Jim Nelson veered onto a scruffy dirt road near the top of Laurel Canyon, his Jeep spitting dust as it dug into the dry ground. It was a clear autumn afternoon, and in the distance the city sparkled like the backdrop of a Hollywood set.
But Nelson, the bearded leader of several hundred hillside dwellers, was not taken by the view. His eyes were fixed on the road--what there was of it--and nearby stacks of lumber and some freshly poured concrete.
"Can you believe they are allowing this?" he asked, pointing to some homes being built on a steep ravine at the edge of the unpaved street. "It's a little bit of the Wild West up here."
300 Miles of Unpaved Roads
In a city distinguished by its graceful freeway interchanges, thoroughfares wide enough to land jumbo jets and rivers lined with concrete, there are thousands of Los Angeles residents who still live on dirt and poorly paved roads, many of which are so narrow or badly engineered that fire trucks and ambulances simply cannot use them. City officials estimate that there are about 300 miles of such roads in Los Angeles, most of them nestled in the nooks and crannies of the Santa Monica and Verdugo mountains and other hillsides throughout the city.
For years, the city largely ignored the "unimproved" and "substandard" streets--as they are called at City Hall--accepting them as a fact of life for residents looking to escape the concrete regimen of Los Angeles. But with skyrocketing housing prices in recent years, remote or unwieldy hillside lots once passed over because of costly engineering obstacles are filling up with homes--and city officials are beginning to worry that hillside streets cannot handle their new-found popularity.
"The problems of access have proven to be a real threat to public safety in the event of fire or other natural disasters, such as an earthquake or flood," Councilman Michael Woo wrote in a recent letter to hillside residents in his Hollywood-area district. "This situation cannot be allowed to continue any further."
Fire officials say they routinely have difficulty getting to homes in the hills, particularly when the narrow roads--both paved and dirt--are cluttered with illegally parked cars. In the winter, rains turn dirt into mud and undermine skimpy road foundations, making many cliff-side dirt roads too dangerous for fire trucks.
"At that point we have to change our game plan," said Fire Capt. Jack Coburn, whose station on Mulholland Drive covers canyons in the Hollywood Hills. "It becomes a hand operation. The firemen grab the hose and start running with it to get as close as they can. . . . We will always get there, but by the time you pack in equipment and firefighting lines, there is definitely a time delay."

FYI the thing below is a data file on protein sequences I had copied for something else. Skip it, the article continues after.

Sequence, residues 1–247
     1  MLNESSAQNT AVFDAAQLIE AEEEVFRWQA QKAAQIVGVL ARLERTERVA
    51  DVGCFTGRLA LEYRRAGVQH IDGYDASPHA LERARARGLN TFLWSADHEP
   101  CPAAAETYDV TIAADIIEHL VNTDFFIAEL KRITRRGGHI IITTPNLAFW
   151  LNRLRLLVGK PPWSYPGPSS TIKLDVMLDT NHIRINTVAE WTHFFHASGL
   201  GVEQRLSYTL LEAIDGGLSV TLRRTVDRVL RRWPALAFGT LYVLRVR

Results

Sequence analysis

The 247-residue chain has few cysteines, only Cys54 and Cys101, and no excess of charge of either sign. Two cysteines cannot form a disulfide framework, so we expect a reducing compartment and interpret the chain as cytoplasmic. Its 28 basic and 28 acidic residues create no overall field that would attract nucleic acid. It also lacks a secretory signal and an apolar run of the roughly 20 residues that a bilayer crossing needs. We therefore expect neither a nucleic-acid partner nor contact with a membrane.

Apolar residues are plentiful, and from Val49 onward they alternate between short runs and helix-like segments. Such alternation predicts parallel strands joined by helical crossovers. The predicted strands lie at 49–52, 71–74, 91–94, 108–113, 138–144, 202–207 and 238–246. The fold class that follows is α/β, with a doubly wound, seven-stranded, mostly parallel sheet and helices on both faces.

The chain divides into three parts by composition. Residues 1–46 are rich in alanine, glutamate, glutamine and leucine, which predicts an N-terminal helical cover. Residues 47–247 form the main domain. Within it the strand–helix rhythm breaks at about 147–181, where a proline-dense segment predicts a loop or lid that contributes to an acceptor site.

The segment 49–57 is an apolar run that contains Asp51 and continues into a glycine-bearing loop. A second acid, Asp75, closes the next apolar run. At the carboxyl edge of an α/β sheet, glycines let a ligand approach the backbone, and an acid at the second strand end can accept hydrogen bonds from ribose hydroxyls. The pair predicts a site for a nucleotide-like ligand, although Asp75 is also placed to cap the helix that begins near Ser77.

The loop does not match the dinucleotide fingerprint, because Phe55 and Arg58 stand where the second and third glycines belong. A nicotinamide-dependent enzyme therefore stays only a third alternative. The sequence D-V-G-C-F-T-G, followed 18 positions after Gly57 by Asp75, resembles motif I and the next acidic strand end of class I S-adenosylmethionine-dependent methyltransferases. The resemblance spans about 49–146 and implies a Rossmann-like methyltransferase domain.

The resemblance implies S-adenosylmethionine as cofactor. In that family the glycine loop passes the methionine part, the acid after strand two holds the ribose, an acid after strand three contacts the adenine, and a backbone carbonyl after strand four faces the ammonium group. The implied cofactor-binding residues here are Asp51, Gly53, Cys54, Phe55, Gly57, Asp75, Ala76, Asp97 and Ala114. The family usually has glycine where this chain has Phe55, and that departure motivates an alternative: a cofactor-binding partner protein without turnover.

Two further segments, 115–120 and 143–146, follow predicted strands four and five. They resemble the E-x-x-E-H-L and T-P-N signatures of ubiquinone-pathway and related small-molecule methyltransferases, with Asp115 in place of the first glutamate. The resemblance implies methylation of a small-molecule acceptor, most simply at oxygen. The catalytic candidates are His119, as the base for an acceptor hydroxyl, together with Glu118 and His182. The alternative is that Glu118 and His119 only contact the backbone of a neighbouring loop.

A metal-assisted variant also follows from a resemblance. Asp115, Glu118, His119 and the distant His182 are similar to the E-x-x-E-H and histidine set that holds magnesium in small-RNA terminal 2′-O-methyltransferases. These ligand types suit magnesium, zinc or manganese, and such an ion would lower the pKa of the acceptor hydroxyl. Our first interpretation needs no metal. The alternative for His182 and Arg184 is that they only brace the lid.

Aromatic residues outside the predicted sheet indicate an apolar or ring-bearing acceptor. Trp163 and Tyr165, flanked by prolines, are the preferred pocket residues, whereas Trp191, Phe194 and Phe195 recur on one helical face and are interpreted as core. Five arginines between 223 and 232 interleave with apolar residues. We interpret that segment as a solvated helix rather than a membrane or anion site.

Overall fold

Capt. John Holloway, who deals with access problems citywide for the Fire Department, said the difficulties in the Hollywood Hills are not unique.
While he would not cite specifics, he said there have been cases in various hillside neighborhoods of ambulances unable to reach victims because of inadequate streets. In new subdivisions, fire officials are able to require builders to provide streets wide enough and stable enough for safety vehicles, but they have no such authority over homes going up on existing roads.
"Historically in the fire service, all fire problems are pooh-poohed until something happens," Holloway said. "It usually takes a loss of life or a major dollar loss before something gets passed."
During the last year, according to city statistics, building permits for single-family homes and requests for additions to existing homes have doubled in one hillside stretch of particular concern--between the San Diego and Hollywood freeways south of Mulholland Drive. While the numbers themselves do not seem high--about 80 building permits and 200 additions--officials say the construction is concentrated in several canyons where roads are already crumbling.
"Now that the (San Fernando) Valley . . . and the Westside are all built up and there is still pressure to put up homes, people are moving into the mountains where there is some vacant land," Deputy City Engineer Larry Burks said. "And when you come up with more development and more people, there is a greater need for public services like streets and fire protection."
Varying Code Requirements
Most of the street problems can be traced to the original subdivision of hillside neighborhoods, which in some cases date to the early 1900s. Many hillside communities at that time were not part of the city of Los Angeles, meaning that code requirements varied widely and enforcement was often lax. Tiny lots--most smaller than the minimum 5,000 square feet now required by the city--were crowded along equally tiny and often unpaved streets.